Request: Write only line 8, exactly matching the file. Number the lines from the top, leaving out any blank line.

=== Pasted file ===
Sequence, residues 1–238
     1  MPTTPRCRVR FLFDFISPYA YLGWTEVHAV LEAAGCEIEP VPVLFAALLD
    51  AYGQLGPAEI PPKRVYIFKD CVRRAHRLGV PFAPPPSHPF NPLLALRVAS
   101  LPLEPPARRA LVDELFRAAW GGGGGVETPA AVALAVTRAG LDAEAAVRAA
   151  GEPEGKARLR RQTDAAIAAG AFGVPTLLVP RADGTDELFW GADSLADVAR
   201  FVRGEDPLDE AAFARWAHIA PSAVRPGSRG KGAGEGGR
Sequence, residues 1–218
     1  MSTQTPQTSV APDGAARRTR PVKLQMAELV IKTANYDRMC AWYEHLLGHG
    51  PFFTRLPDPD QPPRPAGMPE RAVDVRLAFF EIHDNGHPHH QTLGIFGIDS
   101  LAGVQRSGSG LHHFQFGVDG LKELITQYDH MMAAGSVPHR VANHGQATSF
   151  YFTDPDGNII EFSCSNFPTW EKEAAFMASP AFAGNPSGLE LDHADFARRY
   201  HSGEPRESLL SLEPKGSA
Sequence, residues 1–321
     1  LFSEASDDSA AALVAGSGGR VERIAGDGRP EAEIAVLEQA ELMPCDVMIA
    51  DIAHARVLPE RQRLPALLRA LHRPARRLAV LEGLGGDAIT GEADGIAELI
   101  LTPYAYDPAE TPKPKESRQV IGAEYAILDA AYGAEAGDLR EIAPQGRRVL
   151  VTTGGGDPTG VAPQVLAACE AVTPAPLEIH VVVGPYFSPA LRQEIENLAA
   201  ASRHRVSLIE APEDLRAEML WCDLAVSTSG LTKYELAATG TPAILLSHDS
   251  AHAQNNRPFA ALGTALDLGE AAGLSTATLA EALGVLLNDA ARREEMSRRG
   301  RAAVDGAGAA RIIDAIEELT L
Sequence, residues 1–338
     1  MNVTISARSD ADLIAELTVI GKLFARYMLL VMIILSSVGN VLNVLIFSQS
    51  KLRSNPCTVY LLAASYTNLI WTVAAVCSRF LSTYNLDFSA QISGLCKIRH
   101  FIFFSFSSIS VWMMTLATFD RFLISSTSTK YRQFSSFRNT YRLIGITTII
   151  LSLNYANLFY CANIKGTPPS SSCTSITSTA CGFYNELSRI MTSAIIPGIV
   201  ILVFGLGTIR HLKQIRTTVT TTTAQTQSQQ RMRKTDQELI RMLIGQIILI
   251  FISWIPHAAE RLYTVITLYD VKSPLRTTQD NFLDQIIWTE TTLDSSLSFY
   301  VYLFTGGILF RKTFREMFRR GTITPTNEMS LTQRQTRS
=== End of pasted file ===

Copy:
     1  MSTQTPQTSV APDGAARRTR PVKLQMAELV IKTANYDRMC AWYEHLLGHG